204 FLAXLEY ROAD, MOUNT BARKER |08 8391 1404
24 HOUR EMERGENCY CARE PROVIDED ONSITE TO REGISTERED CLIENTS' MON - FRI : 8:30AM - 7PMSAT : 8:30AM - 12PM

Small Animals

 

Rabbits

Rabbits can be wonderful companion pets. They are easily toilet trained, interactive and can be quite affectionate in the right environment. Rabbits need interaction with other rabbits or their owners, otherwise they can get bored very quickly. If you decide that a rabbit is the right pet for you , we can help you with veterinary care and advice to keep your bunny happy and healthy. In addition to general health care, some of the services we provide are listed below

 

 

 

 

 

 

 

 

Diet

Rabbits should be fed the types of food they are adapted to eating. In the wild, rabbits eat predominantly grass. They may graze for up to 6-8 hours a day. Their whole digestive tract from their teeth right down to the end of their gastrointestinal tract is adapted to this diet and eating habit.

Providing grass or grass hay to pet rabbits is critical to maintain health. Eating grass/grass hay provides for long periods of chewing which is necessary to wear down their continuously erupting and growing teeth thereby helping to prevent dental disease (which is a common health problem in pet rabbits). Rabbits are also intelligent animals and chewing on grass or grass hay helps to keep them occupied and prevent boredom.

The high fibre content of grass and grass hay is also crucial for normal digestion. If the diet is too low in fibre, fatal digestive problems can occur - another common problem in pet rabbits. Feeding the right diet is one of the most important factors in maintaining a healthy rabbit.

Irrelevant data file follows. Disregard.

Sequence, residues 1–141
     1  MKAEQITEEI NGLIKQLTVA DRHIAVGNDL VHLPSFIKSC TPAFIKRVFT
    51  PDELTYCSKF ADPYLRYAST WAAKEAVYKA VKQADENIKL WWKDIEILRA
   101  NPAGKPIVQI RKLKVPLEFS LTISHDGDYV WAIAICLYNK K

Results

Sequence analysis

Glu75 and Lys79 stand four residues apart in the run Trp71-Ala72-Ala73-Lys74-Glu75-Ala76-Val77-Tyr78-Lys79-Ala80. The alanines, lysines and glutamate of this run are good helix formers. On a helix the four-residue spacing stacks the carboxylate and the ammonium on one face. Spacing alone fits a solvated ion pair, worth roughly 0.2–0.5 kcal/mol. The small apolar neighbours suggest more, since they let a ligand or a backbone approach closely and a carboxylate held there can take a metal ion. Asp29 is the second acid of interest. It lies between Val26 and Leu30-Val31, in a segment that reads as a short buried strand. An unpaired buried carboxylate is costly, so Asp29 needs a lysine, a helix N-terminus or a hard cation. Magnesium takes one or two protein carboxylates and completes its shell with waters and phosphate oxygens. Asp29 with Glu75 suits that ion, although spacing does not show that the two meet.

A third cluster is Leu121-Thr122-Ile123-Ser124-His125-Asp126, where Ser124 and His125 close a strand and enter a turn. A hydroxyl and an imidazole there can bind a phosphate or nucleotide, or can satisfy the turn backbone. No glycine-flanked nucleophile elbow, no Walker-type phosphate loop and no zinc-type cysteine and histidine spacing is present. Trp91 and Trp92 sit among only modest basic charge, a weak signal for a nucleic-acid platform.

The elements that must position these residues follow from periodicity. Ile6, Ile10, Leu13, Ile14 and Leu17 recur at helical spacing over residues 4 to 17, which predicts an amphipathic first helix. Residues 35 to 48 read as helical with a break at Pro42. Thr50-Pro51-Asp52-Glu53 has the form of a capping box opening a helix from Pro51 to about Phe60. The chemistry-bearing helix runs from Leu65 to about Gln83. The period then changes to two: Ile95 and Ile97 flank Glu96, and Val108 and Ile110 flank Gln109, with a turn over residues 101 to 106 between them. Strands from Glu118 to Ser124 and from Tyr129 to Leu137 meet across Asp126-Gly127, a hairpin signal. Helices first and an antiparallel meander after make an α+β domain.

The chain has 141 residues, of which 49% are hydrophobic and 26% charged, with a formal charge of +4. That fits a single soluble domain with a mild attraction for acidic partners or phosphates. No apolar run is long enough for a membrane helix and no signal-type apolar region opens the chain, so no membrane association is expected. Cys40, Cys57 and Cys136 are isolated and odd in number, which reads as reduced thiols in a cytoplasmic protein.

To ensure your rabbit has a healthy balanced diet, you should provide:

  • A constant supply of good quality fresh grass and grass hay (they should comprise about 80% of the overall diet) - e.g. Timothy, Oaten, Wheaten, Pasture, Paddock, Meadow or Ryegrass hays. Rabbits should not be fed Lucerne (alfalfa) or Clover hays as they are too high in protein and calcium. Grass or grass hay is paramount in providing sufficient fibre for gastrointestinal health and encouraging chewing for long periods of time for healthy teeth.
  • Plenty of fresh leafy greens & vegetables. As a guide, feed around two packed cups of leafy greens per kg body weight per day. Some examples are: Vegies: broccoli, celery, endive, beet/carrot tops, brussels sprouts, spinach leaves, bok choy; other Asian greens and dark leafed lettuce varieties; Herbs: parsley, dandelion, coriander, basil, dill, and mint
  • Treats may be offered in small quantities (1-2 tablespoons per rabbit per day). Some examples are: most fruits, root vegetables (carrot, sweet potato) and capsicum
  • High quality commercial rabbit pellets with a minimum crude fibre >18% (Indigestible fibre content >12.5%) may be offered in small quantities only, but these should not form the main part of the diet
  • Avoid cereal/grain mixes
  • Providing other objects to chew on is also a good idea, try offering items such as wooden chew blocks or old telephone books
  • You should aim to keep feeds and feeding habits consistent. Any changes to the diet must be made gradually (over a 2-3 week period) to minimise digestive upsets
  • Always have fresh clean water available.
  • Do not feed the following: cereals, grains, nuts, seeds, corn, beans, peas, breads, biscuits, sweets, sugar, breakfast cereals, chocolate or any garden plants that are toxic to rabbits.


Thank you to the RSPCA Australia Knowledgebase for this information.

 


 

Desexing

Desexing your rabbit, whether male or female, can stop hormonally driven aggressive behaviour such as scratching, biting or spraying. It will also make keeping rabbits in a group or couple a much more peaceful affair and eliminate the risk of some diseases that are relatively common in undesexed rabbits such as uterine cancer. Uterine cancer can occur in up to 60% of undesexed rabbits over three years of age. We recommend desexing between 3 and 6 months of age.